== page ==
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Where are they now: Tiffany Roberts Sahaydak

Tiffany Roberts Sahaydak

Tiffany Roberts Sahaydak

You know those kinds of people, the ones who seemingly can do nothing wrong? Of course you do. We all do. They set out to do something, anything, and it turns out wildly successful. Annoying aren’t they?

Tiffany Roberts Sahaydak is one of those people. Except nothing about her is annoying, and that makes it even worse.

You just can’t argue that she has had a line of successes that others have trouble imaging. For instance, she made her international debut with the U.S. national team at 16, played in a World Cup before she entered college, seeing action in five of six matches at the 1995 World Cup as an 18-year-old. And she won an Olympic Gold medal when she was 19. At the University of North Carolina, she won a pair of national championships. At age 22, she was a member of the 1999 World Cup champions, and at 24, she was a professional soccer player. At 26, she played in another World Cup and captained the Carolina Courage to the WUSA championship. She was a head college soccer coach before she turned 30.

Oh and her picture was on the cover of Sports Illustrated with the rest of her 1999 World Cup Champion teammates, and in 2014 she traveled to the Men’s World Cup in Brazil as part of the White House’s official delegation. That’s right, one day she’s playing soccer in Petaluma, Calif., and now she knows the President.

Certainly someone driven enough to make all that happen before the age of 27, must be irritating, or at least hard to get along with.

“Not only was she a remarkable player, but she was an enthusiastic, passionate and upbeat leader,” says her college coach Anson Dorrance. “I enjoyed going to practice just because I knew she would be there, and I could see her smiling face.”

It’s just not fair, is it? But there’s more. The string of successes continued into her 30s. She’s married now to Tim Sahaydak, lives in Orlando with their two daughters, and she coaches the University of Central Florida women’s team with her husband. Tiffany is the head coach. Tim is the associate head coach. Born 27 days apart in 1977 (she married a younger man) on opposite sides of the country and married 28 years later, the Sahaydaks, met at the University of North Carolina, where Tiffany, of course, won two NCAA Championships.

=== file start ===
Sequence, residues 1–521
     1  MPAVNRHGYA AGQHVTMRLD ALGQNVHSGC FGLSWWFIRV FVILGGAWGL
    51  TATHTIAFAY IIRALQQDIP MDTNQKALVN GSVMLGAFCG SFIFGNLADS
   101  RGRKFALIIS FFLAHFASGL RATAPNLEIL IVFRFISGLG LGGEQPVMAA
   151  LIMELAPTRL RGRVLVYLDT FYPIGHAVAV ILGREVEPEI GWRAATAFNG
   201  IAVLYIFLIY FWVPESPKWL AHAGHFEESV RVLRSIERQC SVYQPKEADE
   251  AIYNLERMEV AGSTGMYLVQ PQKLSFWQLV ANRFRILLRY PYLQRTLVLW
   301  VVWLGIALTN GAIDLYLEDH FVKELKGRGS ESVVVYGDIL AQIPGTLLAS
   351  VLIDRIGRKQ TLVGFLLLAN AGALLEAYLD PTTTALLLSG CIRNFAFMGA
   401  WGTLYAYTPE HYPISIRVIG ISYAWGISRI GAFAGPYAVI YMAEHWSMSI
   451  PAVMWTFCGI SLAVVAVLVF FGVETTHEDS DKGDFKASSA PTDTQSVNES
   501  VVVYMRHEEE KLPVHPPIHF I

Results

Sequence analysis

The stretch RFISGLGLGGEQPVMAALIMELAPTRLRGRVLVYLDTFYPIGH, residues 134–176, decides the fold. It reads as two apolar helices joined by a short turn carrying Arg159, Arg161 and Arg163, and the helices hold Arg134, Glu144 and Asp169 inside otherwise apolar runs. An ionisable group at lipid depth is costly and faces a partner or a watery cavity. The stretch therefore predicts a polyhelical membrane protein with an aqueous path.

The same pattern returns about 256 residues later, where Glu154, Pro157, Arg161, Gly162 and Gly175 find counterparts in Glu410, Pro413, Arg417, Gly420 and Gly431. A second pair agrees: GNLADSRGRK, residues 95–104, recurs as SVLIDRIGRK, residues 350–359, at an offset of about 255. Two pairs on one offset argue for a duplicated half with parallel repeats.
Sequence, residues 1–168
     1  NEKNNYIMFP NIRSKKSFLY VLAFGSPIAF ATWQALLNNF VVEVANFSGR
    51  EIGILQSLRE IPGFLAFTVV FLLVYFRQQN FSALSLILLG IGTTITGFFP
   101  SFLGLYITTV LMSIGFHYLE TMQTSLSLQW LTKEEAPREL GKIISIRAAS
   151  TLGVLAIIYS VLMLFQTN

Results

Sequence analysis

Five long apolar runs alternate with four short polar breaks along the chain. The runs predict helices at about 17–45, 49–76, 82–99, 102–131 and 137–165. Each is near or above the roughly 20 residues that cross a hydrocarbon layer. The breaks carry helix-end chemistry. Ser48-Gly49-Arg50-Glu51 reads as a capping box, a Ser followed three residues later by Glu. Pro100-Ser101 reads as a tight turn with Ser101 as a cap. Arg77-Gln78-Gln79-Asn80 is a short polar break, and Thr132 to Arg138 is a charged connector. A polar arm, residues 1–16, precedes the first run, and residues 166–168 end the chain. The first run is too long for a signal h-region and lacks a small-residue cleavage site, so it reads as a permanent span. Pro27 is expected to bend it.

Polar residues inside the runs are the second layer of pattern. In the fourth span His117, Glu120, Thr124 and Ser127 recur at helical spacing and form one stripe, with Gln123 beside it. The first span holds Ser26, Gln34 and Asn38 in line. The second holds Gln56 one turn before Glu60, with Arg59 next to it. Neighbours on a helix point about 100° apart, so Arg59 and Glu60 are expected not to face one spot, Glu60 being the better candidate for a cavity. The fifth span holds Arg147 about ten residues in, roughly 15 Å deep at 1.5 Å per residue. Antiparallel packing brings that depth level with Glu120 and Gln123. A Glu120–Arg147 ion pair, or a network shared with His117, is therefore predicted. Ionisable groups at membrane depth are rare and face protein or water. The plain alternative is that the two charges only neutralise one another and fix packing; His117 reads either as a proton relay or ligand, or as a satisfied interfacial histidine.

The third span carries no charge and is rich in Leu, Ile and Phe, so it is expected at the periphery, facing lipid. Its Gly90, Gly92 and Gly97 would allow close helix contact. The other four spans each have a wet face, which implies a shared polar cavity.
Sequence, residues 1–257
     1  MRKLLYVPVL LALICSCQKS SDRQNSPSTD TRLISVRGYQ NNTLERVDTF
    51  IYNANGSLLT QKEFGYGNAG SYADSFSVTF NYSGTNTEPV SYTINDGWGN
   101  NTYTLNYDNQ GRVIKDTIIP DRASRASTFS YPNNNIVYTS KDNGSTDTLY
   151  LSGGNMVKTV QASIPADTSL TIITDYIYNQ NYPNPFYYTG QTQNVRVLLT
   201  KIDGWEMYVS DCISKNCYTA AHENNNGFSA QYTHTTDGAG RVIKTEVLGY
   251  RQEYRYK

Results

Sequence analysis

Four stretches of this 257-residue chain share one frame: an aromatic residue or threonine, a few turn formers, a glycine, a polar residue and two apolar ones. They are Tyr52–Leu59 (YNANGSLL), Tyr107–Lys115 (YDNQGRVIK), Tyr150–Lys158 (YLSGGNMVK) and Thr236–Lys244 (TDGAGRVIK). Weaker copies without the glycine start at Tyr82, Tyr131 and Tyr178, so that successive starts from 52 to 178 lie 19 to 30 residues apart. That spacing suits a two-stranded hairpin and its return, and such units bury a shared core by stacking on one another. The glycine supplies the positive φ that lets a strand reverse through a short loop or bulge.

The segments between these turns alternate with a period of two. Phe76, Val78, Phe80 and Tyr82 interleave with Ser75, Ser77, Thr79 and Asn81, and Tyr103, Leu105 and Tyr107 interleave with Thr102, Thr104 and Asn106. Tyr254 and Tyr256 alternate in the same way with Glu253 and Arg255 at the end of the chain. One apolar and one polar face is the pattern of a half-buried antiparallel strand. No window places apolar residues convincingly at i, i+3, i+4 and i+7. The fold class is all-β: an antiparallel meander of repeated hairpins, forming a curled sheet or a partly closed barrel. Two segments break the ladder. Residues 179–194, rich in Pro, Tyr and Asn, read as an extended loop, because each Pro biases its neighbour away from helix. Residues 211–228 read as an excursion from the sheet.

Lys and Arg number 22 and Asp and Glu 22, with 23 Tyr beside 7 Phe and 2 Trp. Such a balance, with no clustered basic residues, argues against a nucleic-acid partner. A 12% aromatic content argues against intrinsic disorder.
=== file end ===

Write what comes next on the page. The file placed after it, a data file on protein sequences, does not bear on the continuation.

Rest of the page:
This fall, they will begin their 10th season working together as college coaches, first at Virginia Commonwealth in 2007, a hiring that prompted Tiffany’s former USA teammate Julie Foudy to say, “You have to think VCU just won the lottery, twice.”

Since 2013, they have been at UCF, replacing another one of Tiffany’s former USA teammate, Amanda Cromwell, who moved to UCLA. The Sahaydaks have compiled a 46-14-4 record and two American Conference Championships. They earned three trips to the NCAA tournament, including a berth in the Sweet Sixteen in 2014. They are one win away from celebrating their 100th career victory.

You have to wonder, though. How hard is it to work with your spouse, especially in a competitive environment where opinions are a crucial part of success?

“We really don’t know anything else,” laughs Tiffany. “Before we started coaching college at VCU, we coached club soccer and we were each other’s assistants. And we also had a camp business together in California. We really enjoy being together, and I like that my weaknesses are his strengths.

“He is a technology guru, and he enjoys doing research and digging into recruiting databases,” Tiffany says. “He’s very detailed and efficient and those are some of the things that I don’t think I am patient enough to do well. I enjoy the day-to-day part of managing the program. I really love my relationship with our players. I like managing the team and the players as a whole. When it comes to soccer, it’s not like I take the defense and he takes the offense. We do it together.”